A riveting account of Shri Kapadia’s visit to the barren yet amazingly beautiful and hitherto unexplored regions of Spiti Valley. And no, this book was not a result of one single visit.
This book is an outcome of author’s several visits to this snow desert spanning over a period of more than Ten Years (1983-1993)
Shri Kapadia is a well read man and the Appendices at the end of his every book speak about exhaustive research he does in his works. This book clearly evokes the majestic Spiti landscape and given the road connectivity of the modern age, compels the reader to pay a visit to the valley.
And as the author puts it, once you have landed in Spiti, nothing can stop you from going there again.
The book starts with the history of Spiti and it comes as a surprise to me that Spiti was always under the siege. The rulers from Tibet, Ladakh, Bushahar Empire, and even the Sikh rulers from the planes had been attacking Spiti Valley. The first four chapters, there are 17, tell us about the history of Spiti Valley. How it always remained an easy target for all the
invaders rulers. The story behind its name and early accounts of British explorers. The likes of General Cunningham, Peter Holmes, Harcourt have walked on the lands of Spiti long ago.
The author, known for his penchant for historical accounts, extends his Introductory message to the fourth chapter. There are many stories from the past, among which my favourite is the story of first elections in the Spiti Valley.
Because of inaccessibility, Spiti Valley couldn’t become a part of the first Indian General Elections of 1951-52. Same thing happened in 1957. That irked an MP and he filed a case challenging the outcome of the elections. And that’s how elections were held in the valley for the first time.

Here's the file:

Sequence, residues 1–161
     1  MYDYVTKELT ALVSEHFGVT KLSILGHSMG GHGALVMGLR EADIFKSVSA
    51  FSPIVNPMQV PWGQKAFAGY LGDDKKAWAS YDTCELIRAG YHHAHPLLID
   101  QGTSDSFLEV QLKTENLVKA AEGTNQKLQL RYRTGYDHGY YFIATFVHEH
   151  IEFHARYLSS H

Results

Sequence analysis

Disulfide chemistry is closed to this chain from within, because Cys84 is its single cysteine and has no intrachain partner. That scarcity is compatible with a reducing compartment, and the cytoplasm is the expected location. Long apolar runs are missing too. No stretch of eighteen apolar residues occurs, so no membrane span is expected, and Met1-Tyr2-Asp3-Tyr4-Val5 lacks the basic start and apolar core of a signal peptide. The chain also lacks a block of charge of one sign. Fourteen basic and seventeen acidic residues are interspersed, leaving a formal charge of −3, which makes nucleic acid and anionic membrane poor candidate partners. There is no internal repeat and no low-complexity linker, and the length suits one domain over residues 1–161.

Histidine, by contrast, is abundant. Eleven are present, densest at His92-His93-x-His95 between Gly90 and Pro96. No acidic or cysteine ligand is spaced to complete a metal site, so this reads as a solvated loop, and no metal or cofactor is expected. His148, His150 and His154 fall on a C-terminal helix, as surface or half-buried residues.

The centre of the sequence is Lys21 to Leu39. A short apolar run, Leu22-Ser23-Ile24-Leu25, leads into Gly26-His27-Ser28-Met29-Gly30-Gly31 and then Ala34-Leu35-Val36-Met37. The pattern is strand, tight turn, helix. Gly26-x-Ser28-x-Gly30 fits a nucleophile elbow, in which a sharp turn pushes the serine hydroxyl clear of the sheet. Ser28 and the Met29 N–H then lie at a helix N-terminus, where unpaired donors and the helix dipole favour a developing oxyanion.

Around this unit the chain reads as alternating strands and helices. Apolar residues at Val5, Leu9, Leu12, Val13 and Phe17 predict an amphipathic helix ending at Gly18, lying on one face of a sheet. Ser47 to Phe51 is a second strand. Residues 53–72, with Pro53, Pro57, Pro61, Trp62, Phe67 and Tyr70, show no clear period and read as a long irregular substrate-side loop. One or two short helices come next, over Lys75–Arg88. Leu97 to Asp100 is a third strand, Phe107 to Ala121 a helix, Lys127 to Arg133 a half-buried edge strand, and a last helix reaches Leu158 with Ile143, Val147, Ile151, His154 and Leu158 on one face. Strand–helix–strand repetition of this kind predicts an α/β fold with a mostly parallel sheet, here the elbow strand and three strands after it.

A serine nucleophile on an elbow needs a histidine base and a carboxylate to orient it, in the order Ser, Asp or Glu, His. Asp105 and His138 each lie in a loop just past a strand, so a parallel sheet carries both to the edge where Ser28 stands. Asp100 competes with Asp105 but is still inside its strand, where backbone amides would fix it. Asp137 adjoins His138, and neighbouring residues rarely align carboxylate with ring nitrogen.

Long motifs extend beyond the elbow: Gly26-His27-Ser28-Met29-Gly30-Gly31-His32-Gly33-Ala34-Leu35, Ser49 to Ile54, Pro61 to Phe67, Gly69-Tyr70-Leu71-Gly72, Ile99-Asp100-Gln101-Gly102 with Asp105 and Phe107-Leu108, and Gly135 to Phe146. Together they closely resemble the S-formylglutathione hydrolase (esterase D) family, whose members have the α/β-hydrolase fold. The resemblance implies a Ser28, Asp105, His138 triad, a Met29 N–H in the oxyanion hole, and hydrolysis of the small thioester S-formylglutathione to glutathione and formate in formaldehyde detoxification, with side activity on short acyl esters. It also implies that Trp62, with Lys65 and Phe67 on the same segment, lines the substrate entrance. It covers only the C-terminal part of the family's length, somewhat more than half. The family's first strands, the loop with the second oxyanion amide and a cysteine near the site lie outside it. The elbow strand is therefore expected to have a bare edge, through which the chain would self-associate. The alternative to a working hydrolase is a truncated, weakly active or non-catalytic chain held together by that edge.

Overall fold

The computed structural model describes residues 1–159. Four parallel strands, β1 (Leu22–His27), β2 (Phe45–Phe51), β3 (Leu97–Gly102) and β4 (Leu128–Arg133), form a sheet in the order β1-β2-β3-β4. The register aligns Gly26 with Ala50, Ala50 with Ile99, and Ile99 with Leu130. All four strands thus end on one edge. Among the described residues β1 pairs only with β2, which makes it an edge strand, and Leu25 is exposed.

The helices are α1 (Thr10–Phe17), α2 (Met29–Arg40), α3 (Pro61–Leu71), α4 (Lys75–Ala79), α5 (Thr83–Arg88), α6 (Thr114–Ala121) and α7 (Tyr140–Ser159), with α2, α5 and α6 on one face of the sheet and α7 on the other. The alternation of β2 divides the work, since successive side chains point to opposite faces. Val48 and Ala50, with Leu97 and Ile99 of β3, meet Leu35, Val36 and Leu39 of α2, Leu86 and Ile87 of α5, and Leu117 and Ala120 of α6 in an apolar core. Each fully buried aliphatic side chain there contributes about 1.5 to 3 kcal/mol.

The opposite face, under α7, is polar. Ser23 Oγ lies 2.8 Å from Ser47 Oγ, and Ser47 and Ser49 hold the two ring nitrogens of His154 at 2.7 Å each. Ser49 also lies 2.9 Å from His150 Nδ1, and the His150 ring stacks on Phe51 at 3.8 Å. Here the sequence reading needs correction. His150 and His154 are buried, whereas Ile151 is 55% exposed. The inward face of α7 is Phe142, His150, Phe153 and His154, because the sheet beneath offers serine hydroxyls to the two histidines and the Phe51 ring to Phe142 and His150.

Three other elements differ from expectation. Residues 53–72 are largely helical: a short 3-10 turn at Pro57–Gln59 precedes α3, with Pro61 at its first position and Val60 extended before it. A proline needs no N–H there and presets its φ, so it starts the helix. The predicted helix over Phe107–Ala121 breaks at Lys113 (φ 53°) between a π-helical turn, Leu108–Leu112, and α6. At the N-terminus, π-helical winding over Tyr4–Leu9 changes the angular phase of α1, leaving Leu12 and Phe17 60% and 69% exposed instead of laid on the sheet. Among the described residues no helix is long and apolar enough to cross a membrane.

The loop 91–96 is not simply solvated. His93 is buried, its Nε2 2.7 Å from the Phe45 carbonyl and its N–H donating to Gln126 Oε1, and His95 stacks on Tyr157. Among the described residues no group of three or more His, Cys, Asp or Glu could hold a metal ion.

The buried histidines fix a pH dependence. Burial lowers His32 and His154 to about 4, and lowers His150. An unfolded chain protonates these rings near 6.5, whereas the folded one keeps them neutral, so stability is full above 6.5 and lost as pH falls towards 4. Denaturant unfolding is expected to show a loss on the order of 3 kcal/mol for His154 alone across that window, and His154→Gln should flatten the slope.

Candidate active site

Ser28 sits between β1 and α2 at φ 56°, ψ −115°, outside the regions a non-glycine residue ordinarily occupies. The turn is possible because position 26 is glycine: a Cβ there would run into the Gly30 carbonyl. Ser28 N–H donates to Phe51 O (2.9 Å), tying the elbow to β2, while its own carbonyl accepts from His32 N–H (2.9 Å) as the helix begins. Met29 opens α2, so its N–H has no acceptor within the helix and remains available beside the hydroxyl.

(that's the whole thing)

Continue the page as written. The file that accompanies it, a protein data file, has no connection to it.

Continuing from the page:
A party travelled on mules from Shimla to hold elections at Kaja and in the Pin Valley. This interesting journey and the first reaction of Spitians to democracy is well told in the book Men and Mules on a Mission of a Democracy by Parmanand Sharma.
Its not before the fifth chapter that you embark on a real Spitian adventure. Unlike other of his books, this book is an easy read because of lesser use of mountaineering/climbing jargon.
It feels like reading a good travel blog that not only describes the landscape setting but also provides deep technical insights, which are easy to understand.
The Legends of Shilla and Gaya
In case you are wondering, Shilla(6132 m) and Gaya(6794 m) are two of the most prominent and popular peaks of the Spiti Valley. Many folk stories and legends have been woven around these two peaks.
The author subtly busts the myth of Shilla being the highest peak of Spiti. The story of an unnamed khalasi (porter) climbing the Shilla in 1860 is an awe-inspiring read.
How we overestimated the height of the mountain by 1000 m and why it took 100 years to correct that mistake is a different story altogether.
The author first landed in the valley in 1983. Those were the days of baburaj and Inner Line Permits. For the young generation, that reaches Spiti in every season without any permit will find all this ludicrous. But that’s how the ball rolled back in 1980s.
Kapadia’s encounters with an Intelligence Bureau Official is an amusing read. Then there is story of scholars from Bangalore and Hyderabad researching on the eating habits of iBexes in the Spiti Valley. Some research topic there!
You’ll find several such interesting stories in the book, no matter whichever sub-valley of the region you are exploring.
Manirang climb and Parilungbi exploration are my two best favourites from this book. Manirang is the Jewel Mountain of the Valley, and Parilungbi is a mountain in the other country (Tibet), literally.
This book has 240 pages, among which 48 are maps/illustrations, that makes 20% of the book in images.
The Appendices run 29 pages long, which account for 13% of the book. There are as many as 48 references in this book.
Kapadia is a man of details, for sure.
One may add that, once you have found the road to Spiti you will never keep away for long
You may like to see this Travel Calendar in collaboration with Trigarth Studio. And if you like what you see, please buy one!